Minimally Invasive Medial Hip Approach for Treatment of Displaced Pipkin Type 1 Fractures: Surgical technique, quality of reduction and postoperative complications

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Sanyakupta Boonperm, MD


Background: Treatment of femoral head fracture by surgical dislocation of the hip is claimed to provide full exposure of the femoral head but it is technically complex especially for inexperienced surgeon, and heterotopic ossification or trochanteric associated complications may be encountered. We adopted the minimally invasive medial hip approach technique originally proposed by Chiron to expose the displaced Pipkin type 1 fragment and report the surgical technique, quality of fragment reduction and immediate postoperative complication of this approach.

Patients and Methods: Ten patients who had stable, congruence hip reduction and Pipkin type 1 fracture with residual fragment displacement more than 3 mm were operatively managed by medial approach. The procedure was performed as originally described by Chiron et al. The quality of fragment reduction was evaluated according to Matta's criteria. Patients were monitored for immediate postoperative complications.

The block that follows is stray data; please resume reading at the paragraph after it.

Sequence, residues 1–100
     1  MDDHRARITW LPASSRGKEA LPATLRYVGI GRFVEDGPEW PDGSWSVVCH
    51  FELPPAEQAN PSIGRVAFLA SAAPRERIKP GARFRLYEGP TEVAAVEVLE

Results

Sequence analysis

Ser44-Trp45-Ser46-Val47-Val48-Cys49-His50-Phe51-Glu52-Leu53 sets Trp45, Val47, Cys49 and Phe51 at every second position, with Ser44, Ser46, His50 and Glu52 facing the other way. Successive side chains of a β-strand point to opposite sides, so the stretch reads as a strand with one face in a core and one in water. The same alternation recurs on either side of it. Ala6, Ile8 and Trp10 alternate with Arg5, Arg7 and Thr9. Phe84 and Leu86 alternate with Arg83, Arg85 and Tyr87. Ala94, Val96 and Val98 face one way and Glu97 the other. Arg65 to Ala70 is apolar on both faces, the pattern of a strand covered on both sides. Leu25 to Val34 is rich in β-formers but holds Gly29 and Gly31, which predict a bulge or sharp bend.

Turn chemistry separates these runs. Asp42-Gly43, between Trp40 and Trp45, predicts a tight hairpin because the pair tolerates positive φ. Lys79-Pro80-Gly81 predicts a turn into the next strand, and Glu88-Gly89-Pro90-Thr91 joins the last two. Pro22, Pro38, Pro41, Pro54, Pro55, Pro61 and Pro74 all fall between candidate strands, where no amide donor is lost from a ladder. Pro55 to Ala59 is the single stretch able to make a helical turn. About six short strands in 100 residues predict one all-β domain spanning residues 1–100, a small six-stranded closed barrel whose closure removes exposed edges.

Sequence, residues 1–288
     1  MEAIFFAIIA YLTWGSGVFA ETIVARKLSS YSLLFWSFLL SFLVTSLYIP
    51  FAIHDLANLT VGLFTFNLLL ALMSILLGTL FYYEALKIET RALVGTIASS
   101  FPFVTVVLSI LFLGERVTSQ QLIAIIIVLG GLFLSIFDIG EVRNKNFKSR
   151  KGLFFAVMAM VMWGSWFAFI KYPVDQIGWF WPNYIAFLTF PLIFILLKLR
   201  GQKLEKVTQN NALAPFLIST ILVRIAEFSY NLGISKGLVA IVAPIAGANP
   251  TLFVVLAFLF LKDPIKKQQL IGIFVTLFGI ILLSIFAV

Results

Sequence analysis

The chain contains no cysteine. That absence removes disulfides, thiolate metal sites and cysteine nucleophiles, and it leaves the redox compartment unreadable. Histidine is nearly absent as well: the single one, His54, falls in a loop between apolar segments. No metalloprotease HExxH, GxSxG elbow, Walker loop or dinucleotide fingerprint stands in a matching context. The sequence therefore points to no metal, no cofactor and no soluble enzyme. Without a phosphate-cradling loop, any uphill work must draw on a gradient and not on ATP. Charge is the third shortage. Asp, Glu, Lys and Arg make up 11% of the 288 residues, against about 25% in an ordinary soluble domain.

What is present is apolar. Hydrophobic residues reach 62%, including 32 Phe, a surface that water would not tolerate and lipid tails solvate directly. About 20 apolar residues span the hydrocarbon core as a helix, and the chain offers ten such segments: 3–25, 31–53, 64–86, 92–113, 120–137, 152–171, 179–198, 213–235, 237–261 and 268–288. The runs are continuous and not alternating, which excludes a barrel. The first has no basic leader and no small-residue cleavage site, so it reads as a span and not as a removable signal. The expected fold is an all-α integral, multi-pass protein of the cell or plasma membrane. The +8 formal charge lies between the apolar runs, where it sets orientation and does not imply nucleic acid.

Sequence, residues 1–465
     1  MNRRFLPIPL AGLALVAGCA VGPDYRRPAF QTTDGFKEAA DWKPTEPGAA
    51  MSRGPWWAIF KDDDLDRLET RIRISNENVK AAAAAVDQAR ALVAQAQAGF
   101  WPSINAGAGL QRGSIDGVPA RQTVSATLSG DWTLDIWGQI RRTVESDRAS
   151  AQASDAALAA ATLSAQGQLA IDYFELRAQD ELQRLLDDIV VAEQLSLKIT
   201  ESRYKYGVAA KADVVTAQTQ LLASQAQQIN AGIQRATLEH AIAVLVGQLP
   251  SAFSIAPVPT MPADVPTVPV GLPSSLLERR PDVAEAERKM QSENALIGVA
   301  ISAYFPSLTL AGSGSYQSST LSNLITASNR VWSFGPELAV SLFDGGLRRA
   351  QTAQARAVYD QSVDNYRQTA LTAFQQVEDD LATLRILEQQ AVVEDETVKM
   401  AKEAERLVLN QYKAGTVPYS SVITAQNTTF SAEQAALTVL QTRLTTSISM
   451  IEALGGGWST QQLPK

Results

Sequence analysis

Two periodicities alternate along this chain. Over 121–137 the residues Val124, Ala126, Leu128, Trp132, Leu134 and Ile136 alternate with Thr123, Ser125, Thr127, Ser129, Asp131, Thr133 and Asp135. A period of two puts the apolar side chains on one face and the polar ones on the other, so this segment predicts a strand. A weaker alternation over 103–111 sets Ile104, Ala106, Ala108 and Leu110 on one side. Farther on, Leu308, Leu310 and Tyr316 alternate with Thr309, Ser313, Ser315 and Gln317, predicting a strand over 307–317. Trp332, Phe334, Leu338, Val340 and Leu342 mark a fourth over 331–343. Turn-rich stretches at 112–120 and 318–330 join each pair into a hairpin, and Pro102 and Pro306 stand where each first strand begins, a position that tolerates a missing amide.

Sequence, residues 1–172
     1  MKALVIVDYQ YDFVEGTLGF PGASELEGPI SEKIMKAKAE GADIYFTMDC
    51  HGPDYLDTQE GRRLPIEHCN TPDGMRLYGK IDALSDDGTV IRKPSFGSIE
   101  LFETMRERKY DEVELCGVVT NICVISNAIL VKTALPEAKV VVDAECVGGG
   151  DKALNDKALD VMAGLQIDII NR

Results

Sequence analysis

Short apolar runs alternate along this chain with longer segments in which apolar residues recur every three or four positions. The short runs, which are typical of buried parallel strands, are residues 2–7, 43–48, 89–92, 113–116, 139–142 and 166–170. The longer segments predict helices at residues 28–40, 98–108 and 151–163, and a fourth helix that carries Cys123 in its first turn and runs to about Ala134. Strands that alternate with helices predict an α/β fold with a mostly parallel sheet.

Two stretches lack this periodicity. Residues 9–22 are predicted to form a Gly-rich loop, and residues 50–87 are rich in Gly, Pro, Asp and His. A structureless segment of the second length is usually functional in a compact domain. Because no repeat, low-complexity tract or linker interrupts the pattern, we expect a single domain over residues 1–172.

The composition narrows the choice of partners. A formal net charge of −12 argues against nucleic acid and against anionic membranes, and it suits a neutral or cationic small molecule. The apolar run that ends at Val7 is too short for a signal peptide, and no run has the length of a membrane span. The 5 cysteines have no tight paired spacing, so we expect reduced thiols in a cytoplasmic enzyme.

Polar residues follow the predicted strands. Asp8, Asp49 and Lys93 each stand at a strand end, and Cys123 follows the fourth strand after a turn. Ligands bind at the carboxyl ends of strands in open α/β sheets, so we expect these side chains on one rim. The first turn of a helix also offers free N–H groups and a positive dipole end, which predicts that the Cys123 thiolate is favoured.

Results: Fragment fixation was performed in 9 patients and excision in another. Average operative time and blood loss was 96 minutes and 137 ml respectively. Postoperative fragment reduction quality was classified as anatomical in 4 and imperfect in 5 patients. There was no immediate postoperative complication.

Conclusion: Minimally invasive medial hip approach is a safe and relatively simple alternative exposure for surgical treatment of displaced Pipkin type 1 fracture without immediate major complication. The fragment reduction performance is approaching those achieved by the surgical hip dislocation, with less extensile dissection, and neither osteotomy nor re-dislocation of the hip is necessary.

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